We can all agree that this year has been pretty rubbish, which means it’s no surprise that when a milestone birthday comes along people want to celebrate in the best way possible. And since we all can’t be together, sending a heartfelt gift is the next best thing. As a single mum, buying for kids or for people around my own age is fairly easy – I already know roughly what those age groups like; but what about for someone celebrating a 60th or 70th birthday?
That’s where Historic Newspapers can help out. Their range of newspaper birthday gifts can be seen here, and make fantastic gifts for the older generation. Newspapers nowadays, (even the high-brow ones) are often filled with the scandal of local celebrities; the actual ‘news’ is often lost in the shuffle. Many people I know don’t even get newspapers delivered regularly, preferring to get their news online, or only buying the paper if there’s a special deal on. People my parent’s age though, still get that regular newspaper delivery, a way of life they’re used to and enjoy.
With the world the way it is at the moment, it’s no wonder people are looking to reflect back on better times; an historic paper allows them to do just that. It was once thought that nostalgia was a negative thing, the word itself was coined in the 17th century to describe the homesickness of soldiers fighting away from home. Nostos in Greek essentially means ‘homecoming’, and algos meaning ‘pain’. This article from the New York Times looks further into it, but essentially summarises that nostalgia is a good thing. Those who think happily about the past are not necessarily against living in the present, or looking towards their future. It’s all about balancing those feelings and using them in a positive way..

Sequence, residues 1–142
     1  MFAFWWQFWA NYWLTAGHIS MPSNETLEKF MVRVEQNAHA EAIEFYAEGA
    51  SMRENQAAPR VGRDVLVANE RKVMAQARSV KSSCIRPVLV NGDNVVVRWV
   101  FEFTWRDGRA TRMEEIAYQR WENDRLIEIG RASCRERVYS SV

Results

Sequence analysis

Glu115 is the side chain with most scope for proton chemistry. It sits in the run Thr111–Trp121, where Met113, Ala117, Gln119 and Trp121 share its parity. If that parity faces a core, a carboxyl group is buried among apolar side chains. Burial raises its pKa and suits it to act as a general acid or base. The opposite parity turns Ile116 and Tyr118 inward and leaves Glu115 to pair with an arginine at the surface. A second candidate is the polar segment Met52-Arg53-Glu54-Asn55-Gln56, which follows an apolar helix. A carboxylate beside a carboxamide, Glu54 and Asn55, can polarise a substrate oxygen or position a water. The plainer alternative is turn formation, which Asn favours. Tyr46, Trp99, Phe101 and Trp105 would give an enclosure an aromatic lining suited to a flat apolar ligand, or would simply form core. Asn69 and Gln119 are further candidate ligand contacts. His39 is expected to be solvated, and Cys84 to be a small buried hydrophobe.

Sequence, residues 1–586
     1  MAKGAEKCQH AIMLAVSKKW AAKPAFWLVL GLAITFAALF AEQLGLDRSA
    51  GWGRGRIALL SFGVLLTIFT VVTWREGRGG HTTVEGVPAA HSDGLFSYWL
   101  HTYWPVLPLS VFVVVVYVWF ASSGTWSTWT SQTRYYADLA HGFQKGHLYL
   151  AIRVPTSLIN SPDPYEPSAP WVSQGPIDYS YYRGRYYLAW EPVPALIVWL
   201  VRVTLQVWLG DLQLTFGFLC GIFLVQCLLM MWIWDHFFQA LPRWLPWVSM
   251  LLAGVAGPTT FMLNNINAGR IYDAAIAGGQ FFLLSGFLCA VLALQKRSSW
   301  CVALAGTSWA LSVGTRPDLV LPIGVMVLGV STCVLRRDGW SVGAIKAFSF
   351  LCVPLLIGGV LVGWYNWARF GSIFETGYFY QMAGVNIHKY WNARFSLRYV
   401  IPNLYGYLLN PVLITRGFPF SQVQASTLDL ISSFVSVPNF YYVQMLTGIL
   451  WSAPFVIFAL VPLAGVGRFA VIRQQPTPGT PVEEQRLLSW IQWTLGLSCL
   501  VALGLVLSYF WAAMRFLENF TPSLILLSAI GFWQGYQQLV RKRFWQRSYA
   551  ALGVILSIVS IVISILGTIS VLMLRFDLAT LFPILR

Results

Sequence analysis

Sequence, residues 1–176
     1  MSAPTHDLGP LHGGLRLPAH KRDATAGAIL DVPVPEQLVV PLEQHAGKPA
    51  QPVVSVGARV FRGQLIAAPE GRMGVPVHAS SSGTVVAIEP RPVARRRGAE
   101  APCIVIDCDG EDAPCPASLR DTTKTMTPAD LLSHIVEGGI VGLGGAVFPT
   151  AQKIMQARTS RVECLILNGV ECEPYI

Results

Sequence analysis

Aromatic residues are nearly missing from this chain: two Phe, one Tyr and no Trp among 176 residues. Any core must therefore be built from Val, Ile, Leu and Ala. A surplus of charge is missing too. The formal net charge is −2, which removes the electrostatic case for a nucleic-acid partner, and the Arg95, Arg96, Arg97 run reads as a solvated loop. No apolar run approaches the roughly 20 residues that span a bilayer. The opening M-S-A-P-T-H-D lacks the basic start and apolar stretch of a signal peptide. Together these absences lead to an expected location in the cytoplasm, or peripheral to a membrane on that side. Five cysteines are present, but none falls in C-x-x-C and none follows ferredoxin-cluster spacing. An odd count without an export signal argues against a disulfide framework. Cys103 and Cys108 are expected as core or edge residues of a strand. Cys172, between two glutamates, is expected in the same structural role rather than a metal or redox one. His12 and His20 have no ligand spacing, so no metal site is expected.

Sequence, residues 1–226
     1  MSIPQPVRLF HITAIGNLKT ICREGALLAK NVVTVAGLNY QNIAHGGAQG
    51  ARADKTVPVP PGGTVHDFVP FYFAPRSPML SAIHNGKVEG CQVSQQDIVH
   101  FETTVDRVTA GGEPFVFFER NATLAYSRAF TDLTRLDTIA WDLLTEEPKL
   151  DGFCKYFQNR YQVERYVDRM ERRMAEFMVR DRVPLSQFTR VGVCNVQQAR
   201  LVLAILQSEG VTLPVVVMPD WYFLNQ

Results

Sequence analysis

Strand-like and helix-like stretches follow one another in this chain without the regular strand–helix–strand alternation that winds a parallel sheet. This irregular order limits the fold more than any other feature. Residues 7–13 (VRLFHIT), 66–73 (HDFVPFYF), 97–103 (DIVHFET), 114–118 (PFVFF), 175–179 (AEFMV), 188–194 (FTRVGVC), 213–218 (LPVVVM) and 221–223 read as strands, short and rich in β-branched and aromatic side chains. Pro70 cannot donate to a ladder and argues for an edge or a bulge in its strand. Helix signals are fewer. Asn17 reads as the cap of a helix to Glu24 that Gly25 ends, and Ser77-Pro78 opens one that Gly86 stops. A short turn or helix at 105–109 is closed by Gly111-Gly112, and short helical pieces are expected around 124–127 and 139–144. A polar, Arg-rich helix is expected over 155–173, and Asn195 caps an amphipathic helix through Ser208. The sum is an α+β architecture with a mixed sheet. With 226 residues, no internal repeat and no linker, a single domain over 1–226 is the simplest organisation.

Various studies by Universities have found that nostalgia is the mind’s way of dealing with, and counteracting, the feeling of loneliness. Reminiscing on better times together can bring people closer, and promote feelings of love.
A particular study conducted by psychologist, Erica Hepper at the University of Surrey found that levels of nostalgia vary depending on age. Young adults tend to ‘nostalgie’ a great deal, possibly due to the many life changes that occur during this time (children, marriage, job changes, etc). Those in middle age dip slightly in their ‘nostalgic levels’, which then rise again as they enter old age. So with ‘middle age’ defined as around 45-65 years old, and ‘old age’ beginning at 65, a nostalgic gift is perfect for those turning 60 or 70.
You can choose the publication of the paper from their birth day, matching the one they may still read now, and give them a piece of history. Your generosity of such a thoughtful gift can promote feelings of generosity as they look back into the past. It’s even been said that feeling nostalgic can actually make people feel warmer, so why not give a milestone birthday gift that’ll warm them up this winter?